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UC engineering researchers uncover factors that control ion motion in solid electrolytes

unstressed. And finally in the third domain, at AgI content of 37.8% and higher, their networks become flexible.

The UC research team showed for the first time that such intermediate phases also exist in networks that are ionically conducting. In the flexible phase of these materials, "silver ions move like fish through water," says Boolchand.

We synthesized materials of the composition (AgI)x(AgPO3)1-x in a glassy or disordered state, and then examined their thermal, optical and electrical properties as a function of chemical composition. (Here "x" represents the amount of AgI electrolyte, and 1-x the fraction of the base AgPO3 glass or disordered solid.)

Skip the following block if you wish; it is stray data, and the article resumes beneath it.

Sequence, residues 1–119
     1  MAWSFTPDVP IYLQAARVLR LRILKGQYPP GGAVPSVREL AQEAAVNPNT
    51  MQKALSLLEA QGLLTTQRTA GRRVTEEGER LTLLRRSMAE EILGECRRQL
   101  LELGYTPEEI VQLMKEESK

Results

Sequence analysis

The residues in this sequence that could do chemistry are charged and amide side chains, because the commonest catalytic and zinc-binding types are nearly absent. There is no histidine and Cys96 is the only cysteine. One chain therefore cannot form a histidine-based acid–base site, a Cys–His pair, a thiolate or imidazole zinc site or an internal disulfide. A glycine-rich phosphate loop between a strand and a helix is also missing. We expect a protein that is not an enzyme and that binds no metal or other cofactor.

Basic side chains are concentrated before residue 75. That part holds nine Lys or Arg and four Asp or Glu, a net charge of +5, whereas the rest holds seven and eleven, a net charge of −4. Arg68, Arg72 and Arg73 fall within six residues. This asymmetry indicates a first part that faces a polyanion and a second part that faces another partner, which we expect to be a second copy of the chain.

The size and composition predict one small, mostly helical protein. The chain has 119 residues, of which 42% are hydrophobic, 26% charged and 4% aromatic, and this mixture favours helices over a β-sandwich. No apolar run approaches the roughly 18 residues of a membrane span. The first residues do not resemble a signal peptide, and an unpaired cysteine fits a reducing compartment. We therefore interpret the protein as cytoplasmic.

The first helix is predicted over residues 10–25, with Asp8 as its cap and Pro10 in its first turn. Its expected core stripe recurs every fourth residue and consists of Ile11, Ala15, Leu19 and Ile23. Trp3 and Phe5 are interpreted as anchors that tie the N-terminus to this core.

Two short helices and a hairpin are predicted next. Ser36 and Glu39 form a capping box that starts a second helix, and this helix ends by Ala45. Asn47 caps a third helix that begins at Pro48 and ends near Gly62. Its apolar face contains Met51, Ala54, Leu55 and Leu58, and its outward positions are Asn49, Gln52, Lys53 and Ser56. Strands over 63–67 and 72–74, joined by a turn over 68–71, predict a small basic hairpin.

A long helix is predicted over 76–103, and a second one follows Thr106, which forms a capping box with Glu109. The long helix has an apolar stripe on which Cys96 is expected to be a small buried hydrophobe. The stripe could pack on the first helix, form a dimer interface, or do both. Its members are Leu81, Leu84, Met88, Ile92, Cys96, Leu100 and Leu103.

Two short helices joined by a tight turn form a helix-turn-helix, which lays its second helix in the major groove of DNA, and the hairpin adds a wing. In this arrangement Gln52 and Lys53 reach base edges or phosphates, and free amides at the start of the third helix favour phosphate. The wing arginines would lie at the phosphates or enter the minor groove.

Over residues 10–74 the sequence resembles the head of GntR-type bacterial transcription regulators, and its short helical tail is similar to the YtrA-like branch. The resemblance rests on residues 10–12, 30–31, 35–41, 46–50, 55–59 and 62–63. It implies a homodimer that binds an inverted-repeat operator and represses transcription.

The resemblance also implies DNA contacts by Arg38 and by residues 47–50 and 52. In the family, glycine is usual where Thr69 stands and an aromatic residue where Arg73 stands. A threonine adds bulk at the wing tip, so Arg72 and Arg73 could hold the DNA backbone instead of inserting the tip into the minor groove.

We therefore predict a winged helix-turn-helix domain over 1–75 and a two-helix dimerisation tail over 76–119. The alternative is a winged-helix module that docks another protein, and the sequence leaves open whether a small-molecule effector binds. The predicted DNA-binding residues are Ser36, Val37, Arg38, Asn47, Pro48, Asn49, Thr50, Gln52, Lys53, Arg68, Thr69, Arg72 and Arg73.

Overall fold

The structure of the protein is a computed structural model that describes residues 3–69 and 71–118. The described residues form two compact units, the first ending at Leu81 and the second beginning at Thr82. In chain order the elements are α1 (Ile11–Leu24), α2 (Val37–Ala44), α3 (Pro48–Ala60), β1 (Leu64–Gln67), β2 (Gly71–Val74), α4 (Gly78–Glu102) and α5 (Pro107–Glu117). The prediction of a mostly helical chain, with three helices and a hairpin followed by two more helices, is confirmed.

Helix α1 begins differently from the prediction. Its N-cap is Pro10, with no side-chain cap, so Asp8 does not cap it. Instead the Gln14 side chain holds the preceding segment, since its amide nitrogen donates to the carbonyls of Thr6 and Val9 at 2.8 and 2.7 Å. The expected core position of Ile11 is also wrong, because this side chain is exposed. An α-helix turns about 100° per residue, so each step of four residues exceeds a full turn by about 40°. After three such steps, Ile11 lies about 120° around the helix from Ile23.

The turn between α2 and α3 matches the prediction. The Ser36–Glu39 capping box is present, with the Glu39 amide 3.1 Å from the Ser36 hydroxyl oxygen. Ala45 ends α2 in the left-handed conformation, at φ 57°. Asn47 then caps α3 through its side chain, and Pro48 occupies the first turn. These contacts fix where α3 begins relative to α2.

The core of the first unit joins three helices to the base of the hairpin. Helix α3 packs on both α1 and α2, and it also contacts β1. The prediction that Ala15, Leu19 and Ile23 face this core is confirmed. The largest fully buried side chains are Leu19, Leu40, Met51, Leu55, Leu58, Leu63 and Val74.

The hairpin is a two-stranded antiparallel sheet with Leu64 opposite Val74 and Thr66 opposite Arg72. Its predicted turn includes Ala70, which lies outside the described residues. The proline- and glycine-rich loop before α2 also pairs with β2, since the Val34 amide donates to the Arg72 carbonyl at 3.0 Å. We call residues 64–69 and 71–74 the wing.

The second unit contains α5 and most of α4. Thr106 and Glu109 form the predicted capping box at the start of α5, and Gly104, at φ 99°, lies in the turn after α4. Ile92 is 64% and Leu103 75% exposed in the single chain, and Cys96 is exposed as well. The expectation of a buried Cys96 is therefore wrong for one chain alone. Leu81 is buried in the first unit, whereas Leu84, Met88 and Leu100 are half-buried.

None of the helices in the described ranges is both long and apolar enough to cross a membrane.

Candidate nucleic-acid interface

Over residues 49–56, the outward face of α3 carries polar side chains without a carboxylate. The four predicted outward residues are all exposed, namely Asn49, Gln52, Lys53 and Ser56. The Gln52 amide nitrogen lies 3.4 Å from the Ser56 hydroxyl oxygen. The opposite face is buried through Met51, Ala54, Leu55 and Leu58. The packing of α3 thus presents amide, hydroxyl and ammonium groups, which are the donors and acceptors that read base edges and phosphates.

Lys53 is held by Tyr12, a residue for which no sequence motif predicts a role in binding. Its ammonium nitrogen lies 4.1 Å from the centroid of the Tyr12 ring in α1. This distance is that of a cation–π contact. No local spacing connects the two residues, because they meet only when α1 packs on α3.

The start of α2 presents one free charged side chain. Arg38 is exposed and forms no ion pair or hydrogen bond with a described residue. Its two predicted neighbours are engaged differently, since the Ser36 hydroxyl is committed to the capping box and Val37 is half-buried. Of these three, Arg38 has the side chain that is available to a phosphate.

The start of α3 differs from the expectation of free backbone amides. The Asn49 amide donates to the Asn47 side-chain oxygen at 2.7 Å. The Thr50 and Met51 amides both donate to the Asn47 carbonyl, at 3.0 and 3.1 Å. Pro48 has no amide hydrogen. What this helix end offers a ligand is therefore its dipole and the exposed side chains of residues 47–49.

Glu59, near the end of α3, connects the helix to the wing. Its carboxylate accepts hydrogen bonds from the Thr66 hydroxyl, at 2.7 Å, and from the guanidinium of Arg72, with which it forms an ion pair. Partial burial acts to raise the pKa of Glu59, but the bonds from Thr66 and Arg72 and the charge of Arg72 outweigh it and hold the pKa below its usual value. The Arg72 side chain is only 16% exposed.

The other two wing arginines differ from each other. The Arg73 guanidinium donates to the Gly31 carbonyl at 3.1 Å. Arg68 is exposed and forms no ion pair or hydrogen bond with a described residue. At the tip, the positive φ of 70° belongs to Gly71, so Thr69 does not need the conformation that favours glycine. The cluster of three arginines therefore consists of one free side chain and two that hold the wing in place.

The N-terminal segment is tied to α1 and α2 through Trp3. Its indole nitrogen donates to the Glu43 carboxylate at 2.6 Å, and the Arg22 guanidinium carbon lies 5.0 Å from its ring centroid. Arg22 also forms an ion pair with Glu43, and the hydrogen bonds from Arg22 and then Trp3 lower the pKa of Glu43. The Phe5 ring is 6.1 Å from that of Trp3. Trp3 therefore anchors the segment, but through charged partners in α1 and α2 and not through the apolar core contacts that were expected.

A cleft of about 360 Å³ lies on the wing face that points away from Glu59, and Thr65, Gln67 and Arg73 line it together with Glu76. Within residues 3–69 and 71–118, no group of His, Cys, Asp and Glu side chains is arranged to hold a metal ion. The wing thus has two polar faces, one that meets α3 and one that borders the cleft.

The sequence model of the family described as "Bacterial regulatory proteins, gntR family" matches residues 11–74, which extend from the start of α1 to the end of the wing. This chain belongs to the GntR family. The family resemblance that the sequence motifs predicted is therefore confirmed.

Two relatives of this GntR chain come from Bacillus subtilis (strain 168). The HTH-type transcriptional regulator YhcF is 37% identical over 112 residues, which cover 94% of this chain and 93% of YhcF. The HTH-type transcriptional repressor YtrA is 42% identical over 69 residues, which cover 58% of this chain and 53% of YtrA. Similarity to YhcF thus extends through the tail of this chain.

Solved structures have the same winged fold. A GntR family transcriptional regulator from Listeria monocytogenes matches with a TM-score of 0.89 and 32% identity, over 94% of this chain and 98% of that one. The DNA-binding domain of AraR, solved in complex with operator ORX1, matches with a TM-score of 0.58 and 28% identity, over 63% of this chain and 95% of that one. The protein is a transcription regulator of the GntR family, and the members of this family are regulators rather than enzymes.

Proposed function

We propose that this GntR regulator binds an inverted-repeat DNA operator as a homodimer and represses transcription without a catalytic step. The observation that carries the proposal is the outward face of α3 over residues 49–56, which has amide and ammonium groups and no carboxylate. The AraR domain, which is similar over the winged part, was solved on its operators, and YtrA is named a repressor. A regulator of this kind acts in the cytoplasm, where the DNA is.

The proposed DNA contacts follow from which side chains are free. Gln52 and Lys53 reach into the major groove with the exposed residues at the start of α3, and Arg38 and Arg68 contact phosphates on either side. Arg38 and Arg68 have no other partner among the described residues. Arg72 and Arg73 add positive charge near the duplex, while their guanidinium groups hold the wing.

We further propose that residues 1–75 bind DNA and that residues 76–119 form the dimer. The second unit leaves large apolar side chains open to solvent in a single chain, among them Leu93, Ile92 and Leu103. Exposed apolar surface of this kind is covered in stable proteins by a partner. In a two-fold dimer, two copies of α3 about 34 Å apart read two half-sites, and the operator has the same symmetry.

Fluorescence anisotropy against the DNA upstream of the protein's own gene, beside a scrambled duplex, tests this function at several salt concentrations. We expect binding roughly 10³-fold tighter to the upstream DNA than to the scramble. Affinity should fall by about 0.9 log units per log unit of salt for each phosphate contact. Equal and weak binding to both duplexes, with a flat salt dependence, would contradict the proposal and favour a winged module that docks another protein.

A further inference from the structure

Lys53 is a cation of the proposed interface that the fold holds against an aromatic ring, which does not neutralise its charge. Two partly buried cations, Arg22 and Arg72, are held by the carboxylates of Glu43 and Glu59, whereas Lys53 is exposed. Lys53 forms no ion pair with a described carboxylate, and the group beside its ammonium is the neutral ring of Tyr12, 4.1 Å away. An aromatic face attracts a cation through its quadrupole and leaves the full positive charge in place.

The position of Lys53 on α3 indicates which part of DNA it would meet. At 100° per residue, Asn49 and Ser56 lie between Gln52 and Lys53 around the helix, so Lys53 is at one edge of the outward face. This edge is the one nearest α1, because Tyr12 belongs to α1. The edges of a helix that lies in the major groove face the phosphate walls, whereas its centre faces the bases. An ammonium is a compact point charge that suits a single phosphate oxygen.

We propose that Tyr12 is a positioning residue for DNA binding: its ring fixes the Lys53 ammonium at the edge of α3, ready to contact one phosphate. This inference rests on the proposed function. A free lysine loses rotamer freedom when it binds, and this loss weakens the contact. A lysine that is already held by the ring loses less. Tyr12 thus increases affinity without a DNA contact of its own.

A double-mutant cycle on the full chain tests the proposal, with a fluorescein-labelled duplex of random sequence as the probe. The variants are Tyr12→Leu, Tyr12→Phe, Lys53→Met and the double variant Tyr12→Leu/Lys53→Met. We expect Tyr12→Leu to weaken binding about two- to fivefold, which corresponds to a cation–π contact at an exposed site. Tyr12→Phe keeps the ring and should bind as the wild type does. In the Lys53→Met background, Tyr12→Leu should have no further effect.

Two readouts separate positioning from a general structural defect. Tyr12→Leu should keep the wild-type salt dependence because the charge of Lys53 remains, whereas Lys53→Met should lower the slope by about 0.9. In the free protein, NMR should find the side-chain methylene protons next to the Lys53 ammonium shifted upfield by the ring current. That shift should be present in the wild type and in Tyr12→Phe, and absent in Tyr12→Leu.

The next step in their research will be to understand why traces of water change the behavior of these electrolytes so drastically and to understand if the behavior observed here of three elastic domains is a general feature of all electrolyte glasses or is it peculiar to this very well studied material.

"We think the behavior will be observed in general in solid electrolytes," says Boolchand.


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Contact: Wendy Beckman
wendy.beckman@uc.edu
513-556-1826
University of Cincinnati
8-May-2007


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